August 15, 2012
ENFORCING THE PREVAILING WAGE LAW AGAINST TOWNS
By: John Moran, Principal Analyst
You asked what enforcement authority the state has over towns regarding Connecticut's prevailing wage law, which requires workers on public construction projects to be paid an hourly wage that is at least equal to the prevailing wage for the same work.
The state prevailing wage law requires the state, towns, or any agents of either that seek bids from contractors for public construction projects to require the contractors to pay the prevailing wage to construction workers if the project cost exceeds the thresholds that trigger the law.
The law does not give the state authority to impose penalties on towns who fail to abide by the law or who fail to alert a contractor that a project may be a prevailing wage project. But it does include penalties for contractors who violate it.
Contractors who fail to properly pay the prevailing wage can be debarred, which means they are prohibited from being awarded any public project contracts for a certain number of years. If a contractor files a false certified payroll in an attempt to conceal non-compliance, he or she would face fines and possible imprisonment.
Furthermore, the courts have ruled against contractors who sought claims against government contracting agencies for damages when the agency failed to notify the contractor that the project might be subject to the prevailing wage. The Department of Labor (DOL) has indicated that in such cases it tries to informally negotiate between the two parties to attempt to reach a settlement rather than have the parties go to court.
PREVAILING WAGE BACKGROUND
The state prevailing wage law applies to the state, its towns or any other political subdivision of the state, or agents of any of these parties when they contract for a public works project for (1) alterations and repairs of more than $100,000 or (2) new construction of more than $400,000 (CGS § 31-53). The intent of the law is to guarantee that public works projects in Connecticut pay workers the prevailing wage paid in the area where the work is done (for more on how the rate is determined see OLR Report 2003-R-0253).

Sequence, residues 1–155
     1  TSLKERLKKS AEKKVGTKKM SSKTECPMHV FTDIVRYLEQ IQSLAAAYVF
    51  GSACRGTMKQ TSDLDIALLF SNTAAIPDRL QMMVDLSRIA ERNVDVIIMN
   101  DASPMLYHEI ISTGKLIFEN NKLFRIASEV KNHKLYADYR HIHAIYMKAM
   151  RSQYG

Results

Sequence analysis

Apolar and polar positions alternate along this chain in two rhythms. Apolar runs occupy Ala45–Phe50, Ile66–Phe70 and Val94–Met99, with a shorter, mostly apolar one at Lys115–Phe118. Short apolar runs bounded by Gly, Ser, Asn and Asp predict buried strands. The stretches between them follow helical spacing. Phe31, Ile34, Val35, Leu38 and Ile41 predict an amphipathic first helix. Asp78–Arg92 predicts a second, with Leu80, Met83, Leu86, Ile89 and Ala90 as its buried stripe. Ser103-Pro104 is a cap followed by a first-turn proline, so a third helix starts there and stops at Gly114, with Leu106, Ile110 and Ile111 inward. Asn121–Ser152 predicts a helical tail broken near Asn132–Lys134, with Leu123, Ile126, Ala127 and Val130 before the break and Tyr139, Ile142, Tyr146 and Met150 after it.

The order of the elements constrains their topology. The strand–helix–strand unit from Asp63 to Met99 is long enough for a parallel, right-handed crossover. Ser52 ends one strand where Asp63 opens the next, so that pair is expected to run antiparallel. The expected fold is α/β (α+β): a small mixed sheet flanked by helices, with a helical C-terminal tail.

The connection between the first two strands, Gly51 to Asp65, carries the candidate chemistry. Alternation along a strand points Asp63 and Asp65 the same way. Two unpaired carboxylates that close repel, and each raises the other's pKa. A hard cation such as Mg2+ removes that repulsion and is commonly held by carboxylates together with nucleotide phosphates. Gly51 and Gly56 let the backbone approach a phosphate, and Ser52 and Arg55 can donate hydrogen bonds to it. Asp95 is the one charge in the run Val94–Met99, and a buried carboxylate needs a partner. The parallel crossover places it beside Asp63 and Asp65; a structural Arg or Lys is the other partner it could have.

The law requires that each contract for such construction work include specific language that requires the contractor to pay the prevailing wage to mechanics, laborers, and workmen employed on the project. This obligation is placed on the public agency issuing the contract.
The law is explicit about the penalties for contractors who knowingly fail to pay the prevailing wage. For the first offense the contractor faces a fine of between $2,500 and $5,000 and is debarred (i.e., disqualified) from bidding on public contracts until he or she makes full restitution of back wages plus an additional six months. The penalties increase with subsequent violations. Filing a false certified payroll on a prevailing wage project is a class D felony and the contractor may be fined up to $5,000, imprisoned for five years, or both.
But while the law contains penalties for the contractor if it does not conform, it does not include any penalty for the state, town, or other public agent issuing the contract.
Officials at DOL's Wage and Hour Division, which enforces the prevailing wage law, note that the law does not include any penalty for a town that does not conform to it.
Towns are required to ask DOL for the current prevailing wage rates when they are preparing a project bid and to include notification that the project would be or could be a prevailing wage project in the bid notice. Gary Pechie, the division director, indicated there are roughly 20 cases a year when towns or state agencies do not ask for prevailing wage rates because they do not think the project is covered.